Parents will either share joint physical custody of the children, or one parent may be awarded primary or sole physical custody.
Parties who share joint physical custody each have custody of the children approximately half the time. Typically, courts in Nevada will still consider a custody schedule to be joint physical custody even if the time division isn’t perfectly 50/50. Usually, joint physical custody is extended up to approximately a 60/40 split in time. Joint physical custody is typically the standard arrangement unless the Nevada Best Interest Factors warrant otherwise.
Sometimes one parent can be awarded primary physical custody if it is in the best interests of the children. The Nevada Best Interest Factors are spelled out under NRS125C.0035(4). According to the statute, the Court weighs the following factors in determining the best interests of the children:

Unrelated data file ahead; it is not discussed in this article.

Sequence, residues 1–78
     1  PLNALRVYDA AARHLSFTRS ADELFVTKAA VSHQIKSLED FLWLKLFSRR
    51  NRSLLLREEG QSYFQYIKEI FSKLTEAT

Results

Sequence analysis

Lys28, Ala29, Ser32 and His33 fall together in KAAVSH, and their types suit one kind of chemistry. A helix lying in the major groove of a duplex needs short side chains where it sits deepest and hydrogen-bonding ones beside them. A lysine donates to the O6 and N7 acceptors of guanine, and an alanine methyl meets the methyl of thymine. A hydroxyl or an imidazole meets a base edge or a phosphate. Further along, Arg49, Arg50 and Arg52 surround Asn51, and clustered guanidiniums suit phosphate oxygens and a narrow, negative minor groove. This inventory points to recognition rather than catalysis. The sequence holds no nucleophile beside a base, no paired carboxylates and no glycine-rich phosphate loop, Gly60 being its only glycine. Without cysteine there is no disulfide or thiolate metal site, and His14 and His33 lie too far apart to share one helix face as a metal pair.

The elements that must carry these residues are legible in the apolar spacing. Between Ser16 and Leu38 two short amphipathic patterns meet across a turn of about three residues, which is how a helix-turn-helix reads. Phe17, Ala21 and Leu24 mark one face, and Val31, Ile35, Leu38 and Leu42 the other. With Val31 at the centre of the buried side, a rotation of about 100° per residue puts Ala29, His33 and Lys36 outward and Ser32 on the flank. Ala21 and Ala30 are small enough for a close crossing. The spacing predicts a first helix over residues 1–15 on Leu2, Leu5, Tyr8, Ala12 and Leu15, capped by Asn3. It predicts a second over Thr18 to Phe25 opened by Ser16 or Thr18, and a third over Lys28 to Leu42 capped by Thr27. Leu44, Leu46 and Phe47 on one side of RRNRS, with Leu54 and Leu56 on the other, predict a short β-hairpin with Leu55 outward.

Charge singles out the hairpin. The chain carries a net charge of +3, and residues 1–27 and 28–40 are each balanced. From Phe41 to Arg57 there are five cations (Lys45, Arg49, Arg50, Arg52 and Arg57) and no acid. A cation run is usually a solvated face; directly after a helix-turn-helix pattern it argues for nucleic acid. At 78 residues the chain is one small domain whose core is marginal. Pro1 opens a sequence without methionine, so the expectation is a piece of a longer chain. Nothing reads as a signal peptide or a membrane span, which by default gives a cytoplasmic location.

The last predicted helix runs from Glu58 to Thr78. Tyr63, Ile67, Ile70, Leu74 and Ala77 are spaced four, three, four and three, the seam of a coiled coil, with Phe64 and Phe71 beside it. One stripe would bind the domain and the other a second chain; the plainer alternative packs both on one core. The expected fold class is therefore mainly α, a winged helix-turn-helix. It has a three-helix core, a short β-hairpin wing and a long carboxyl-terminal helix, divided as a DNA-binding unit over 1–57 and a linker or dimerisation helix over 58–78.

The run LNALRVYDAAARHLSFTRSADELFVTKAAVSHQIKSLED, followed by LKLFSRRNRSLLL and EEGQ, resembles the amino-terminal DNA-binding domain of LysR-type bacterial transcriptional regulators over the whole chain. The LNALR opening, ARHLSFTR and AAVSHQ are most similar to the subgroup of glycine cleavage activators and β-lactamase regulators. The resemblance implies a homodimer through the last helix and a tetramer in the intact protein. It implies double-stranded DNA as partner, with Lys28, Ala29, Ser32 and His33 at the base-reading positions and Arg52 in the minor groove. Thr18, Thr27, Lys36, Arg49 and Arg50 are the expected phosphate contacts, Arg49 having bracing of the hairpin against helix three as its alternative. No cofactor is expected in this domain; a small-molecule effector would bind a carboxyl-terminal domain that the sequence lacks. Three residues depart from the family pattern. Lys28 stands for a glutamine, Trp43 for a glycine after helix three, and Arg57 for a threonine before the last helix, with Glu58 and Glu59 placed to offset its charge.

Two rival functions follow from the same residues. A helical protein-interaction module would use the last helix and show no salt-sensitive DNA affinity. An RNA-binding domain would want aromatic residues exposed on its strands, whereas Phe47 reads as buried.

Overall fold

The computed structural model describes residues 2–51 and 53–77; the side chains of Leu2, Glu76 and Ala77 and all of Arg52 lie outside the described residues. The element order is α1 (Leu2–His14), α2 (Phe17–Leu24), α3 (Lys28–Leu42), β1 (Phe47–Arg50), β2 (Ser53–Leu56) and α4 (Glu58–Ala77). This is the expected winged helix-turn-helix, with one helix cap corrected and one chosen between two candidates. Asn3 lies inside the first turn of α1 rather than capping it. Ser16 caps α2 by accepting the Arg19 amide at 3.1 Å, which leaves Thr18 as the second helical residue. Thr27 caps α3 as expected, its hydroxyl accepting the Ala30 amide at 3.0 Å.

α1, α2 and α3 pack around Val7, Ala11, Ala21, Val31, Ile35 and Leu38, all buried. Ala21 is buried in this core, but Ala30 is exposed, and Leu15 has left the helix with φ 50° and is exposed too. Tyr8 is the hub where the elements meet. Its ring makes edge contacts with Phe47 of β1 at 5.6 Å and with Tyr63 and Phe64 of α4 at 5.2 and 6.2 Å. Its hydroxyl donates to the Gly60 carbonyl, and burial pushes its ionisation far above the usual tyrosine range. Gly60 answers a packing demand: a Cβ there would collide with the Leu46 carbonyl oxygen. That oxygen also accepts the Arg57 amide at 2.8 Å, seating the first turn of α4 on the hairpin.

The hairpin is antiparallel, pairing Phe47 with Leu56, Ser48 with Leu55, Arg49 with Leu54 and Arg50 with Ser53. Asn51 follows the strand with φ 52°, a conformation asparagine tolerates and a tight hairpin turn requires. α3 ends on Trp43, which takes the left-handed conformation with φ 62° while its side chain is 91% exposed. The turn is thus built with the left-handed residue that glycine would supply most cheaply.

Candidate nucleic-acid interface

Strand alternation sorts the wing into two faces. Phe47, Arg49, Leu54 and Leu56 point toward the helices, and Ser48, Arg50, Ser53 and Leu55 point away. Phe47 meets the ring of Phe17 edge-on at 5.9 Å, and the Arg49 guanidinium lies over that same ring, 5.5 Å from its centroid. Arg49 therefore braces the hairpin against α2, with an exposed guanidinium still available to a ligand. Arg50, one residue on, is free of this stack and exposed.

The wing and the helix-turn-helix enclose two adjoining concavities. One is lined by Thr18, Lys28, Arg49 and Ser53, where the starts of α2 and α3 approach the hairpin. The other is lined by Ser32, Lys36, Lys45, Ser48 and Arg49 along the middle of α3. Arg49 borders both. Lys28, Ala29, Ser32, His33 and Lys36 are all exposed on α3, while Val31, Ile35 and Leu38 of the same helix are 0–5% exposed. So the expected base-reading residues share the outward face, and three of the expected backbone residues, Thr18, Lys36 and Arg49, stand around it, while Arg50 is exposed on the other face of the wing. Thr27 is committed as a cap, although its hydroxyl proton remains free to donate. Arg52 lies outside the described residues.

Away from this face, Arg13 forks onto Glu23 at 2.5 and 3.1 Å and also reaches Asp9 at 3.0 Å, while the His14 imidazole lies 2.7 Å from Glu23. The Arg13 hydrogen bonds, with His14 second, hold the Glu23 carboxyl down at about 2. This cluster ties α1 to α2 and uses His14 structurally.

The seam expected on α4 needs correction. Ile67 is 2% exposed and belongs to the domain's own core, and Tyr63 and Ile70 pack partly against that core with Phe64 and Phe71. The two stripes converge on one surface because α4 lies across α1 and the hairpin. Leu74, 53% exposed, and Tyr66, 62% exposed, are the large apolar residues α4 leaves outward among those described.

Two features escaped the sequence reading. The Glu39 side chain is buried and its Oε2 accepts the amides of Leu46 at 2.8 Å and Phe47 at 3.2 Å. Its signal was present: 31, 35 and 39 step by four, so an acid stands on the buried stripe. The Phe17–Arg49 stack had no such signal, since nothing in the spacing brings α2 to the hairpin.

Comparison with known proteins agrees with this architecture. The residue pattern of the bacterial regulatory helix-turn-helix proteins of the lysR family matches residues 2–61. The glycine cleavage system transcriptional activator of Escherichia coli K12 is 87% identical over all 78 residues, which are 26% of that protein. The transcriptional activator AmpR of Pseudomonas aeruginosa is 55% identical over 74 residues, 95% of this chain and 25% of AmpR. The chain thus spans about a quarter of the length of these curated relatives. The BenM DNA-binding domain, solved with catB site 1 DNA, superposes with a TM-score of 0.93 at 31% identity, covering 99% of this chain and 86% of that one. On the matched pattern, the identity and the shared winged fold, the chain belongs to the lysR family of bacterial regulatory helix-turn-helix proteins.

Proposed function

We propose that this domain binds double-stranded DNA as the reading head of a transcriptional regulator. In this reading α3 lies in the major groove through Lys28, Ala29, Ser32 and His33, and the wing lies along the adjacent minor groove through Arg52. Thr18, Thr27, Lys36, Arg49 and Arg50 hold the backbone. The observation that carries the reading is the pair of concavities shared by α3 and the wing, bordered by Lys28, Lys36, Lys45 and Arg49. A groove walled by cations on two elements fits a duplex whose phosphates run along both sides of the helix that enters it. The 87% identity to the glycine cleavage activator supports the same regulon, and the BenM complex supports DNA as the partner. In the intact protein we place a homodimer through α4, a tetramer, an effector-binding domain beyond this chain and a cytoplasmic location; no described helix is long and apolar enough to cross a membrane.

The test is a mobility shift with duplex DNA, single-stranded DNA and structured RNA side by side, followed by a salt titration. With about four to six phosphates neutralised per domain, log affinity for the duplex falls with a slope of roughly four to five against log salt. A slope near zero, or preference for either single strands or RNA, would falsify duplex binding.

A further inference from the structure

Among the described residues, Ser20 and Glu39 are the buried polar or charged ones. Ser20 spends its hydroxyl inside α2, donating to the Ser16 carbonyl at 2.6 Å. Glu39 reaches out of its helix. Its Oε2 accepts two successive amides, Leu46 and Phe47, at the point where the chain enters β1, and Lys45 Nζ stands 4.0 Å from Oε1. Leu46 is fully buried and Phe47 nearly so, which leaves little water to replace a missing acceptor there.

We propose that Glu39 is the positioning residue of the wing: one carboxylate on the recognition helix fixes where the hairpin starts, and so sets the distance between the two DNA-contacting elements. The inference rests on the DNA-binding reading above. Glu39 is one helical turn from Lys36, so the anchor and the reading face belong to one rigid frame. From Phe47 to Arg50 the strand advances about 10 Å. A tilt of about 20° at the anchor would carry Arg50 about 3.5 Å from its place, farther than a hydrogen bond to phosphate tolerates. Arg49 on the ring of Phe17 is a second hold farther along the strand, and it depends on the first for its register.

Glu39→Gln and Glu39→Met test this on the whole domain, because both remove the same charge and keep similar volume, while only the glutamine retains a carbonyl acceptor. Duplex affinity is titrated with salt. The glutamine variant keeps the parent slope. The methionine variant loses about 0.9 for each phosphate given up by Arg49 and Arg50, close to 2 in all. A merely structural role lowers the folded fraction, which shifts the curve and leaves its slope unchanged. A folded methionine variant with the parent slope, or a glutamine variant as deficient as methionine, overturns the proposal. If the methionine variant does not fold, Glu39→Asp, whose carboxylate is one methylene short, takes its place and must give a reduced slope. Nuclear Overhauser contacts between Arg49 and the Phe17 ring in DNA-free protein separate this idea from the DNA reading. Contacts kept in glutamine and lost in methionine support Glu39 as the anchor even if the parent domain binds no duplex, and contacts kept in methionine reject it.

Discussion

A parent is typically considered to have primary physical custody if the children are with them more than 60% of the time. Some parents may be awarded sole physical custody, meaning the other parent has little to no visitation, under extenuating circumstances.
Parents can determine a custody schedule that works best for their children. This may include week-on/week-off, 3/4/4/3, or 1st-3rd-5th weekends. Carlson & Work can help you explore different custody schedules that comply with joint or primary custody and serve the best interests of the children in promoting stability and preserving their ability to participate in extracurricular activities.